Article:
Had we generated our own intelligence and undertaken periodic appreciations, we would not be in the situation that we are in today. But who can question R&AW and NTRO when the politico-bureaucratic hierarchy has their own skeletons to hide? The charter of Defence Intelligence Agency (DIA) when established included operating sources abroad which was not permitted to start with by the Ministry of Defence. Whether DIA was permitted later and had lien on Afghanistan is not known.

As mentioned above, R&AW should have developed links with the Taliban and even infiltrated it by proxy as possible. This would have enabled us to decide whether our embassy should be evacuated, when to do so, and not leave many Indian nationals and Afghan supporters at the mercy of Taliban, as has happened now diluting some of the goodwill we had generated. Who would understand this more than NSA Ajit Doval who reportedly infiltrated the Mizo National Front (using disguise?) and stayed in Myanmar for some time.

Look at the paradox of our media talking about Sher Mohammad Abbas Stanikzai nicknamed “Sheru” when under training at the Indian Military Academy and our embassy in Kabul contacting Taliban last minute for moving to the airport under their escort. According to one report, Taliban had even asked the embassy not to shut down. One angry nationalist writes, “I think the evacuation of our complete embassy was like running away from a fight with its tail tucked between its legs. They managed to get a Taliban escort for them to go to the airport. If they had that much clout, why did they not leave an IFS guy behind to begin negotiations with the new regime, to look after assets built by us, and to help the rest of the Indian citizens and our Afghan friends stranded there and help evacuate them?”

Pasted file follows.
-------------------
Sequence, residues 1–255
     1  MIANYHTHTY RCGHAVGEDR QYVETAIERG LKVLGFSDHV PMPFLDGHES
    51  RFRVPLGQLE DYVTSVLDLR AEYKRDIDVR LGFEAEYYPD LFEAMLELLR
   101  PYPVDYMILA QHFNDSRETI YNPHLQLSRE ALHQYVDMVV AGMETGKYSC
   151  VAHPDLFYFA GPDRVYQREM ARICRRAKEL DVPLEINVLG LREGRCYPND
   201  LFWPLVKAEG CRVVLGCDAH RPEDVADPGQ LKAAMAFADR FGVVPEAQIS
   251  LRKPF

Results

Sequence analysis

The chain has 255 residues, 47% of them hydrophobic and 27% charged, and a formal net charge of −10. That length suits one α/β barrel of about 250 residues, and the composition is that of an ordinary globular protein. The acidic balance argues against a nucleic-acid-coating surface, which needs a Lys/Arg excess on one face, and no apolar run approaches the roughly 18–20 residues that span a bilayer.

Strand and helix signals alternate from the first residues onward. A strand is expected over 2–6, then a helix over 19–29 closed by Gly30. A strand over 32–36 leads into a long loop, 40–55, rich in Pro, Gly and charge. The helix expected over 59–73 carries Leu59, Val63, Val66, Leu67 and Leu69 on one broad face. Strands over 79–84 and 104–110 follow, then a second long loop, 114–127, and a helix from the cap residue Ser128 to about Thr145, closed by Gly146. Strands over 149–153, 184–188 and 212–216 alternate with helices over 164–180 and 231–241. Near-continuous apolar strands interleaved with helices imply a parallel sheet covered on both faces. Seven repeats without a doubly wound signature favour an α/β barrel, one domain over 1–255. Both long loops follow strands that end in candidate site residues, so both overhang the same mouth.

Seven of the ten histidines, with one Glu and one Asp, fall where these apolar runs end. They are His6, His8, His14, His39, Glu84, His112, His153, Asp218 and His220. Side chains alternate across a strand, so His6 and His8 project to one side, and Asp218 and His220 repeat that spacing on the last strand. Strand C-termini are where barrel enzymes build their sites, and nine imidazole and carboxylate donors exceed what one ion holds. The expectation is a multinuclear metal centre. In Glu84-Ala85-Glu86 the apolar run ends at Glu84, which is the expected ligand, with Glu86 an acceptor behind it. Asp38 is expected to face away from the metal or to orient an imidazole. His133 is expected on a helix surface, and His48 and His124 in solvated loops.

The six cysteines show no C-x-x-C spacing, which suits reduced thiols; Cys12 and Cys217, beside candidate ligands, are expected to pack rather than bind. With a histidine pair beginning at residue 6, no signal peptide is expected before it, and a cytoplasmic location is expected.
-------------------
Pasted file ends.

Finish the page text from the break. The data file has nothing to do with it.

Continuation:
Do we know how many Indians, Afghans of Indian-origin (who wanted to come out) and Afghan sympathisers are left behind although government would like us to believe there are none? When ISIS began attacking in Iraq, it was the same problem – not knowing how many Indians were present in Iraq and how to contact them. Is it too difficult to maintain a list and contact numbers of all Indians by concerned embassies, updated through immigration in India with every individual going abroad and immigration of the country the mission is situated in?

How much to we know about Afghans coming out? Surely the ISI had foreseen the inevitable exodus and planned accordingly. According to NBC TV sources, of the Afghan citizens evacuated to the US, 100 have been marked potentially threatening because of links with terrorist or radical groups like the Taliban. On August 31, a 17-year-old Afghan teenager was arrested by the J&K Police at Lakhanpura in Kathua District of Jammu who said he was going to Kashmir for onward journey to Afghanistan.       

Reflecting the government view on developments in Afghanistan, CDS General Bipin Rawat says Taliban takeover was evident but it would happen so fast was not expected. This is natural when you keep your eyes and ears shut. Similar, was the stupid excuse we knew the PLA exercising in Aksai China could occupy new locations in Eastern Ladakh in 24-36 hours but never expected them to do so. Any military-man would know capabilities matter not intentions which can change overnight.

Finally, our intelligence has been poor to say the least since 1947 through to the 1962 Sino-Indian War, 1999 Kargil Conflict, 2020 Chinese aggression in Eastern Ladakh and now in Afghanistan. Whether this can improve is anybody’s guess because somehow the powers that be appear uninterested.     

Finally, our intelligence has been poor to say the least since 1947 through to the 1962 Sino-Indian War, 1999 Kargil Conflict, 2020 Chinese aggression in Eastern Ladakh and now in Afghanistan. Whether this can improve is anybody’s guess because somehow the powers that be appear uninterested.     

The author is a veteran of Indian Army. Views expressed are personal and do not necessarily reflect the views of https://strategicaffairsindia.in

To be continued….